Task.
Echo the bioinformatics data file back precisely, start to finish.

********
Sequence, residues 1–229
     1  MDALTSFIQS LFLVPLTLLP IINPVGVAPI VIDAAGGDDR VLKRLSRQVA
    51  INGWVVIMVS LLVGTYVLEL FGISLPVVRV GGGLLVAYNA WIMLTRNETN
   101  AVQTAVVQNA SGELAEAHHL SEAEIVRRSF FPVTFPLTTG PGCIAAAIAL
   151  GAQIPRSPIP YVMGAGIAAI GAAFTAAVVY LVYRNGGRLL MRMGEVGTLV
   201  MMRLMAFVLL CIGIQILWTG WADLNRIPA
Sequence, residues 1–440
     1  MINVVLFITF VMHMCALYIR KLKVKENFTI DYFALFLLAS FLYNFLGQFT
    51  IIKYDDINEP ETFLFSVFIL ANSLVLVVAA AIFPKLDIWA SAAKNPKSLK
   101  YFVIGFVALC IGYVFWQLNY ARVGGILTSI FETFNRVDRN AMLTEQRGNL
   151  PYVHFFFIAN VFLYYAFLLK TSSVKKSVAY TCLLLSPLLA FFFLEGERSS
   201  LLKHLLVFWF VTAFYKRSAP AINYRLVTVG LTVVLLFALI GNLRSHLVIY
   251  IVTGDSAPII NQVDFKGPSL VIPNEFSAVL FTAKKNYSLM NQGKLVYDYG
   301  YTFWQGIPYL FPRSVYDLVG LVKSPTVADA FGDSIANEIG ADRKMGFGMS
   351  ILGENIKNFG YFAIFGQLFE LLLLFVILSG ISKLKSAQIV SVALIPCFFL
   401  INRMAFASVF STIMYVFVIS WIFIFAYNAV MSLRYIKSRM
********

Sequence, residues 1–229
     1  MDALTSFIQS LFLVPLTLLP IINPVGVAPI VIDAAGGDDR VLKRLSRQVA
    51  INGWVVIMVS LLVGTYVLEL FGISLPVVRV GGGLLVAYNA WIMLTRNETN
   101  AVQTAVVQNA SGELAEAHHL SEAEIVRRSF FPVTFPLTTG PGCIAAAIAL
   151  GAQIPRSPIP YVMGAGIAAI GAAFTAAVVY LVYRNGGRLL MRMGEVGTLV
   201  MMRLMAFVLL CIGIQILWTG WADLNRIPA
Sequence, residues 1–440
     1  MINVVLFITF VMHMCALYIR KLKVKENFTI DYFALFLLAS FLYNFLGQFT
    51  IIKYDDINEP ETFLFSVFIL ANSLVLVVAA AIFPKLDIWA SAAKNPKSLK
   101  YFVIGFVALC IGYVFWQLNY ARVGGILTSI FETFNRVDRN AMLTEQRGNL
   151  PYVHFFFIAN VFLYYAFLLK TSSVKKSVAY TCLLLSPLLA FFFLEGERSS
   201  LLKHLLVFWF VTAFYKRSAP AINYRLVTVG LTVVLLFALI GNLRSHLVIY
   251  IVTGDSAPII NQVDFKGPSL VIPNEFSAVL FTAKKNYSLM NQGKLVYDYG
   301  YTFWQGIPYL FPRSVYDLVG LVKSPTVADA FGDSIANEIG ADRKMGFGMS
   351  ILGENIKNFG YFAIFGQLFE LLLLFVILSG ISKLKSAQIV SVALIPCFFL
   401  INRMAFASVF STIMYVFVIS WIFIFAYNAV MSLRYIKSRM